Published on April 26, 2019

Occupational Therapy: Helping you live the best life.

Adult holding exercise ball.

It’s Occupational Therapy Month and most of us at some point in our lives will need occupational therapy, but do you know what an occupational therapist does? Keep reading to learn a little bit about what they do and be sure to thank an occupational therapist for their hard work!

What is occupational therapy?

Defined by the American Occupational Therapy Association, occupational therapy is the only profession that helps people across the lifespan to do the things they want and need to do through the therapeutic use of daily activities (occupations). Occupational therapy practitioners enable people of all ages to live life to its fullest by helping them promote health, and prevent—or live better with—injury, illness, or disability.

There are two professional levels of occupational practice- occupational therapist and occupational therapist assistant.

You can find occupational therapists in a variety of settings:

  • Hospitals
  • Schools
  • Rehabilitation centers
  • Mental health facilities
  • Private practices
  • Children’s clinics
  • Nursing homes


According to the Bureau of Labor Statistics, occupational therapists typically do the following:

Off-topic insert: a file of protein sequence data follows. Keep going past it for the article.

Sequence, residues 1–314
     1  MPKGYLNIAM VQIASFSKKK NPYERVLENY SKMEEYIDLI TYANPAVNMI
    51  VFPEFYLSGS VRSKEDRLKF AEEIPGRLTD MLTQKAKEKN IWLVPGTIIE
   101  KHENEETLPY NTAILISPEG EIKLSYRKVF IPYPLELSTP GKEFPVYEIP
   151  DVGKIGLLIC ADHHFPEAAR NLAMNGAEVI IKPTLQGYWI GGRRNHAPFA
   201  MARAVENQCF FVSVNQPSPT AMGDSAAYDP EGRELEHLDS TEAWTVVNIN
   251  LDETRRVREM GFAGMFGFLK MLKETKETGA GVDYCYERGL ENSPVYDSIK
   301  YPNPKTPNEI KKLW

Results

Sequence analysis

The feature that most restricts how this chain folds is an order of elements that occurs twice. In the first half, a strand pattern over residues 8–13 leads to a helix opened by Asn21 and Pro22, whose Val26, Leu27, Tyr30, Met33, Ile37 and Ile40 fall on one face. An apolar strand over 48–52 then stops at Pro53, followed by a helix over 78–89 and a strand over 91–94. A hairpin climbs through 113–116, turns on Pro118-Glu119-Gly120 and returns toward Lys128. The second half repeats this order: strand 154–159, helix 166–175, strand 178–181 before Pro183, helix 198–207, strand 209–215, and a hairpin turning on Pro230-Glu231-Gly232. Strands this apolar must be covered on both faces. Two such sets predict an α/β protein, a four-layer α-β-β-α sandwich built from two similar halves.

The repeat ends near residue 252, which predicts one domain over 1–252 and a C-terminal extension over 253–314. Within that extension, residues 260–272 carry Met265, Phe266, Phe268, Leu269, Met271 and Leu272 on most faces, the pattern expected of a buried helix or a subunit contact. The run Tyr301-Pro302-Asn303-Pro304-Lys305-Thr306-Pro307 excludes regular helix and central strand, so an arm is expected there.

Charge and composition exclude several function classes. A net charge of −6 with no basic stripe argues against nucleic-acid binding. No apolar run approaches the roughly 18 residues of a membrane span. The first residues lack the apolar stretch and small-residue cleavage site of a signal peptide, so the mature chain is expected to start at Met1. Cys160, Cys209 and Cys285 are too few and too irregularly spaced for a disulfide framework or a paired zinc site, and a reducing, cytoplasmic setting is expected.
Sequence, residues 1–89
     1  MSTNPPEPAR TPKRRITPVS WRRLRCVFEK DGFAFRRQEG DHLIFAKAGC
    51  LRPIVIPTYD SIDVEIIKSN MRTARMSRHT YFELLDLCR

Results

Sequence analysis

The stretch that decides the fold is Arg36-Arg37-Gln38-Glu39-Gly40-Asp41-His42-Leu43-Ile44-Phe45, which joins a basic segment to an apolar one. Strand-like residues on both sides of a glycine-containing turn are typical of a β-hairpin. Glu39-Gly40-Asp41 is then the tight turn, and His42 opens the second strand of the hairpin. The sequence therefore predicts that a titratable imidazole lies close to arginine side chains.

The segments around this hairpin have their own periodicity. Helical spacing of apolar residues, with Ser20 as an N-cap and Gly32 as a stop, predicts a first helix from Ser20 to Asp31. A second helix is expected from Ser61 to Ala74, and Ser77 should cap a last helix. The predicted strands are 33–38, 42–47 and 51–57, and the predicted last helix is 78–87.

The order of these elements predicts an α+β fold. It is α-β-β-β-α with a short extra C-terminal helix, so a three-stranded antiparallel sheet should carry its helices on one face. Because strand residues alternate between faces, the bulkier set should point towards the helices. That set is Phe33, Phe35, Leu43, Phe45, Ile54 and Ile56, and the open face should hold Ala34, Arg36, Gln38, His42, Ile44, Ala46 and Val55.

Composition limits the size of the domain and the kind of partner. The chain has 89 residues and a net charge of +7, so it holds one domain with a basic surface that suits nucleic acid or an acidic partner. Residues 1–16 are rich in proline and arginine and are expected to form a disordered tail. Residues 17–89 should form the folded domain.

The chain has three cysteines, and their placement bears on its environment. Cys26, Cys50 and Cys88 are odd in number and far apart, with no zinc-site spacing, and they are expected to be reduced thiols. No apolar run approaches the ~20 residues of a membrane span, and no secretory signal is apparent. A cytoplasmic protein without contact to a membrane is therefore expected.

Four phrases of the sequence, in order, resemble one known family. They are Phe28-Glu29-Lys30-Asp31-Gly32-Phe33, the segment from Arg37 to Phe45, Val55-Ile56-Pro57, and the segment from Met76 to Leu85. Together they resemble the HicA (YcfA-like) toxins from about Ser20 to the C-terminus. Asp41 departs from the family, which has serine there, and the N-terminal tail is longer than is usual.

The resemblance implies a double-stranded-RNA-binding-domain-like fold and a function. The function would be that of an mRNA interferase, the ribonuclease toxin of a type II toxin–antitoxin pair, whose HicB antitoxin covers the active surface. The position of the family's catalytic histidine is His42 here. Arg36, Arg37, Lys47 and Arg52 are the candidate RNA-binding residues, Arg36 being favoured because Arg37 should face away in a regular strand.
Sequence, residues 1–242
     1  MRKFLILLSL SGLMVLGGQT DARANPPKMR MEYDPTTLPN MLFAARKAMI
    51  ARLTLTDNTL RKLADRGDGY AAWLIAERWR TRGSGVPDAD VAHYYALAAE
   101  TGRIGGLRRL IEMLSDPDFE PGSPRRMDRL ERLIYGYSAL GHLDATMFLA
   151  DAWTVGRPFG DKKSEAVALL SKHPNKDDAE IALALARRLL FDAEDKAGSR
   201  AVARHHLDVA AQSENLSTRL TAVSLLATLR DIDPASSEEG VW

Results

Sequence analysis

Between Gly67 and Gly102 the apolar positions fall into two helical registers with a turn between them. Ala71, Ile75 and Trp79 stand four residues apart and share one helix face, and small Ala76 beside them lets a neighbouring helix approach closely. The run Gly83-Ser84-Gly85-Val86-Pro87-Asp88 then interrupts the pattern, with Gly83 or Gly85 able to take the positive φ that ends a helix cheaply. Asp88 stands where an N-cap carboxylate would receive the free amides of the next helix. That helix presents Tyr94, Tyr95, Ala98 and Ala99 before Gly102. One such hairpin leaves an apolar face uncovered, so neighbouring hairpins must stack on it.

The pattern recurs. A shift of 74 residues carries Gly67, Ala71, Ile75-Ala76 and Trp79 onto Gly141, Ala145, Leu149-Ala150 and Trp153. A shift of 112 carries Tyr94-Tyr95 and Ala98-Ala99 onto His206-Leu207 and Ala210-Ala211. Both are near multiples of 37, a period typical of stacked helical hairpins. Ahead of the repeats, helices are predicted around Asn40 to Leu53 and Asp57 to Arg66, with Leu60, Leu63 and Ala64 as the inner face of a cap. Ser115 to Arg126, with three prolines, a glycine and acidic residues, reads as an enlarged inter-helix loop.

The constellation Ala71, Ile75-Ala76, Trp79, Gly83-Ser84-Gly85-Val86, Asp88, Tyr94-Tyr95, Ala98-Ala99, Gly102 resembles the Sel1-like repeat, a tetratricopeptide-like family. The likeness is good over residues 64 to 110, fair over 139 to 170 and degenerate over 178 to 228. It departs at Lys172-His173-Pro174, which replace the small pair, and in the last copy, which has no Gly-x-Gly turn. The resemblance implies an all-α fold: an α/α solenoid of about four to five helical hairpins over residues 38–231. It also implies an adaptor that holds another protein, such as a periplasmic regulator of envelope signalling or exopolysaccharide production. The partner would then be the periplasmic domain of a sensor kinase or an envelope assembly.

• Review patients’ medical history, ask the patients questions, and observe them doing tasks
  • Evaluate a patient’s condition and needs
  • Develop a treatment plan for patients, identifying specific goals and the types of activities that will be used to help the patient work toward those goals
  • Help people with various disabilities perform different tasks, such as teaching a stroke victim how to get dressed
  • Demonstrate exercises—for example, stretching the joints for arthritis relief—that can help relieve pain in people with chronic conditions
  • Evaluate a patient’s home or workplace and, on the basis of the patient’s health needs, identify potential improvements, such as labeling kitchen cabinets for an older person with poor memory
  • Educate a patient’s family and employer about how to accommodate and care for the patient
  • Recommend special equipment, such as wheelchairs and eating aids, and instruct patients on how to use that equipment
  • Assess and record patients’ activities and progress for patient evaluations, for billing, and for reporting to physicians and other healthcare providers

Occupational Therapy vs Physical Therapy- what’s the difference?

The main difference between occupational therapy and physical therapy is that OT focuses on fine motor skills, cognitive skills and sensory- processing deficits and PT focuses on a person’s pain, strength, range of motion and endurance (KidsHealth from Nemours).

Johnston Health offers occupational therapy through our rehabilitation services. You must have a physician’s referral. Learn more about our rehabilitation services.

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